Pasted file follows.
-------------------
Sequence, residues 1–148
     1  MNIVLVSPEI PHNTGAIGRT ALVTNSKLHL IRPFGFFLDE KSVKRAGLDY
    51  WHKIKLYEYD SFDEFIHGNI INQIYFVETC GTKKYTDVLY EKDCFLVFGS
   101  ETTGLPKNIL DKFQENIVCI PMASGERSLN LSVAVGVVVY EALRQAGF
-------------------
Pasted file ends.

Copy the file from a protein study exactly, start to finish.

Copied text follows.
Sequence, residues 1–148
     1  MNIVLVSPEI PHNTGAIGRT ALVTNSKLHL IRPFGFFLDE KSVKRAGLDY
    51  WHKIKLYEYD SFDEFIHGNI INQIYFVETC GTKKYTDVLY EKDCFLVFGS
   101  ETTGLPKNIL DKFQENIVCI PMASGERSLN LSVAVGVVVY EALRQAGF